Trust in networks

Recently there has been a small surge in the economics literature addressing the role of trust in the economy. Experiments have shown that trust is extremely important for understanding economic processes. Trust does not fit very well with the traditional concept of “homo economicus”: Rational behavior is not trusting. The building and confirmation of trust usually requires sacrifices of resources, contradicting the utility and profit maximizing hypotheses of the homo economicus.

The Scientific American recently posted an article that looks at the evidence for trusting behavior from behavioral economics, in particular trust experiments and brain scan evidence from neuro-economic experiments.

I want to add my own two cents worth to this. First, trust building is directly related to the functioning of socio-economic networks. The better the functioning of these networks and the denser these networks, the better the development and building of trust. This in turn forms the foundation for a better functioning economy. (A neglected aspect in traditional neo-classical economics.)

On the other hand, network building is firmly founded on the presence of trust and behavioral norms of trusting behavior. The higher the level of trust in the society, the better one is able to build and maintain social networks.

This two-way street between trust building and network building lies at the foundation of my research on networks. It now seems that more and more evidence confirms the justification of these and similar theories of network formation. Here I also refer to the recent work of Markus Mobius and his co-authors.

Limitations of behavioral economics

Over the past months during the current economic recession and financial crisis, there has developed a published opinion as if so-called behavioral economics could explain the crisis. Behavioral economics emanates from observations in economic and game theoretic experiments that human subjects do not behave rationally, but are clearly bounded in their reasoning about decisions. Subjects are now routinely put under MRI scans to see which parts of the brain are used in which decision situations.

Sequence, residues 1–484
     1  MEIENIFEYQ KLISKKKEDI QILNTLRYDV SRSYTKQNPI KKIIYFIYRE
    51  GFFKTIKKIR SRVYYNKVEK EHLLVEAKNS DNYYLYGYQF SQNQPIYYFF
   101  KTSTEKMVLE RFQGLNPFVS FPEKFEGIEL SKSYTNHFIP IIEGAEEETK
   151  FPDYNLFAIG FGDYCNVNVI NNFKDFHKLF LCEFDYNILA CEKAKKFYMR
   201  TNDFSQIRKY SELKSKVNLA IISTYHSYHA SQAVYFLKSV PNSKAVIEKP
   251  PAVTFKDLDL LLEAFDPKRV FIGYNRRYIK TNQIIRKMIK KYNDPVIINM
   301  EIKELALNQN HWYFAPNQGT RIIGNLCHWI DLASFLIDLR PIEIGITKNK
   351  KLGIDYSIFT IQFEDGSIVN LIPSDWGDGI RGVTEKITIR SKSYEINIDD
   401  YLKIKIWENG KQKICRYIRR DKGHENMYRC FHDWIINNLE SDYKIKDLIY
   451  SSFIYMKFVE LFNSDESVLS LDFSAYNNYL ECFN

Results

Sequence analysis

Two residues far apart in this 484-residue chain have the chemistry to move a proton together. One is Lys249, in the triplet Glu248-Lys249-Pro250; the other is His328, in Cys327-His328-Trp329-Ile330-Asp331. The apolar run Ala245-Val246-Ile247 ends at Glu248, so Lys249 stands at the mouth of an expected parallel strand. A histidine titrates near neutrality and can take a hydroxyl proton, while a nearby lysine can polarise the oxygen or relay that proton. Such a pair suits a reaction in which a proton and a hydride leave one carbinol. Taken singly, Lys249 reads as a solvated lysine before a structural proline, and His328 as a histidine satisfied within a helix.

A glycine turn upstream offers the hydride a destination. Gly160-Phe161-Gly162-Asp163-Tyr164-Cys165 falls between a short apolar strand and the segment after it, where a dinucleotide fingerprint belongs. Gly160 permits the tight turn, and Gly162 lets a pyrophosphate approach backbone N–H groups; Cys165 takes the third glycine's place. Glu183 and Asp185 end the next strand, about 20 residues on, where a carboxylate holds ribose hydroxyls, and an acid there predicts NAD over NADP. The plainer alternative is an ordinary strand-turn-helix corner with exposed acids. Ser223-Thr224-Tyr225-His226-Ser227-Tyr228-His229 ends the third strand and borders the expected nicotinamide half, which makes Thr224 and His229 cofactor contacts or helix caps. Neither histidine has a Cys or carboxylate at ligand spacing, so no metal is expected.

The main problem with behavioral economics is that it is staunchly methodological individualistic; the center of decision-making remains the singular individual. I think that consequently it cannot satisfactorily explain the economic world and certainly not the current financial crisis. This crisis has its origin in a failure of trust between contracting parties in the financial sector of the main economies; as argued before, it can be called a true trust crisis. Trust is fundamentally an interpersonal phenomenon and should be explained through sufficiently developed social theories. These theories cannot longer be founded on methodological individualistic arguments, but should rather be based on more interactive and social considerations.

Methodological individualism has as its singular strength that it is particularly open to successful mathematical and statistical modeling. As such economics is the outcome of a long history of methodological individualistic modeling. Its world-view is essentially alien to regular human interaction and more suited to model behavior of decision makers with autistic tendencies as recently pointed out by Tyler Cowen in his discussion of academics. In his Behavioral Economics Cowen takes that a step further and promotes the idea that we essentially should become more autistic, thereby essentially arguing that the world should actually adapt to economic theory rather than the reverse. It fits with a long history of economists trying to fit the world to their limited understanding and promoting individualism as a “good” behavioral mode, thus denying the fundamental sociality of the human condition.

I think that economics should rather adapt to understand the world better and at least soften-up on the issue of methodological individualism. Recently, Paul Romer presented an innovative way to look at history from such a more social perspective. However, to be successful at looking at the economy from such a social perspective, economists need to abandon their trusted methodologies. They should recognize the utter complexity of the economy and allow the use of a wide range of techniques to be used to understand it. This not only implies the use of mathematical analytical modeling, large-scale measurement of economic activities, and simple experimentation in the laboratory, but also the use of simulation models and statistical approximations as used in theoretical physics. As it stands now, economics remains rather irrelevant and marginal a science.